Analysts mixed on Penney's move to up liquidity

Analysts offer mixed views on JC Penney's move to raise credit facility

Associated Press

NEW YORK (AP) -- Analysts are offering a mixed assessment of J.C. Penney Co.'s move to raise its credit facility and boost liquidity as the struggling department store chain looks for more flexibility in financing its multiyear transformation.

The department store chain said late Tuesday it expanded its credit facility to $1.85 billion and got an option to increase that by another $400 million. The total borrowing capacity is now up to $2.25 billion.

On Jan. 31, the Plano, Texas-based company exercised the $250 million "accordion" option under its prior credit agreement to increase the size of its prior facility to $1.75 billion.

Penney said that the increase enhances its liquidity and provides it with additional financial flexibility to support its transformation.

It comes more than a week after Penney announced that it received a letter from a law firm representing a group of the company's bondholders alleging it violated an inventory-secured credit agreement. Penney said at the time that the notice of default was "invalid" and filed a suit to block the claim.

"So are Penney and its bankers more worried about the bondholders' claim than they were a week ago or is Penney just really bad at estimating how much cash it may need?" Carol Levenson, director of research at Gimme Credit, a bond research firm, asked in a report. "A little of both, we suspect. Again, we note these hurried actions are not indicative of a financially healthy company."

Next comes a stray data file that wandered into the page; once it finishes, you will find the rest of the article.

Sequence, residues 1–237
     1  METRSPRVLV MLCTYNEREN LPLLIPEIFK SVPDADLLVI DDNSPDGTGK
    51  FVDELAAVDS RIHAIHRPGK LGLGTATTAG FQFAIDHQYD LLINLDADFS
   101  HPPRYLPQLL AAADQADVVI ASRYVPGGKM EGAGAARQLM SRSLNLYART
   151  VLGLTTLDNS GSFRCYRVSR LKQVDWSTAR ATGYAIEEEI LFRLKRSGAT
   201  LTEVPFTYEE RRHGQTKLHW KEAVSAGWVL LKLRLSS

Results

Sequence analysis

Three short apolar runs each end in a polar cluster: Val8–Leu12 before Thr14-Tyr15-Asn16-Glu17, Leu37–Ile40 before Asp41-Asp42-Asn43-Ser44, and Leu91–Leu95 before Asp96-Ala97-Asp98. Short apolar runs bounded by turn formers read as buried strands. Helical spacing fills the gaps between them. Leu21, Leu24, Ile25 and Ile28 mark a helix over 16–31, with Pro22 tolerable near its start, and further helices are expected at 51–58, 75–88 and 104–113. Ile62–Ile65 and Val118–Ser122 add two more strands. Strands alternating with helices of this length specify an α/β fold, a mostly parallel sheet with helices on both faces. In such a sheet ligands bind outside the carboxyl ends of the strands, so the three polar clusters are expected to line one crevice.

But Deborah L. Weinswig of Citi Investment Research noted in a report she found Penney's move to expand its credit facility encouraging for several reasons.

Weinswig noted it gives Penney greater access to liquidity, if needed, to fund its transformation. She noted the company hasn't tapped its credit facility to date, calming concerns among investors that it had. And she said the Penney's ability to increase its credit facility shows that banks continue to be willing to lend to the company.

This month marks Penney's one-year anniversary of a radical plan to get rid of most sales in favor of every day prices. The strategy is part of an overall plan spearheaded by CEO Ron Johnson to transform every part of the business from the brands it carries to the store experience.

But the overhaul has been more challenging than expected. Penney is expected to report on Feb. 27 its fourth consecutive quarter of big sales drops and net losses since it implemented its new pricing strategy. The worry is that Penney won't be able to stem the decline in sales in time to finance the transformation of the stores. Late last year, it started rolling out shops within its stores. It plans to carve up its stores into 100 specialty shops by late 2015.

Weinswig noted in her report that she expects the company to spend about $1 billion in capital expenditures to primarily fund the continued rollout of the shops as well as invest in technology.

"As we enter the second year of our transformation, today's announcement reflects the confidence of our banking group in our long-term strategy and further strengthens our liquidity position as we continue to execute our plan," said Ken Hannah, Penney's chief financial officer, in a statement. The company said no funds have been drawn under the agreement.

J.P. Morgan Securities LLC, Bank of America Merrill Lynch, Barclays Capital and Wells Fargo Capital Finance arranged the financing transaction.

Shares rose 34 cents to close at $19.61 Wednesday. Investors have sent shares of Penney down more than 55 percent from a peak of $43 in the days after the plan was rolled out in February 2012.

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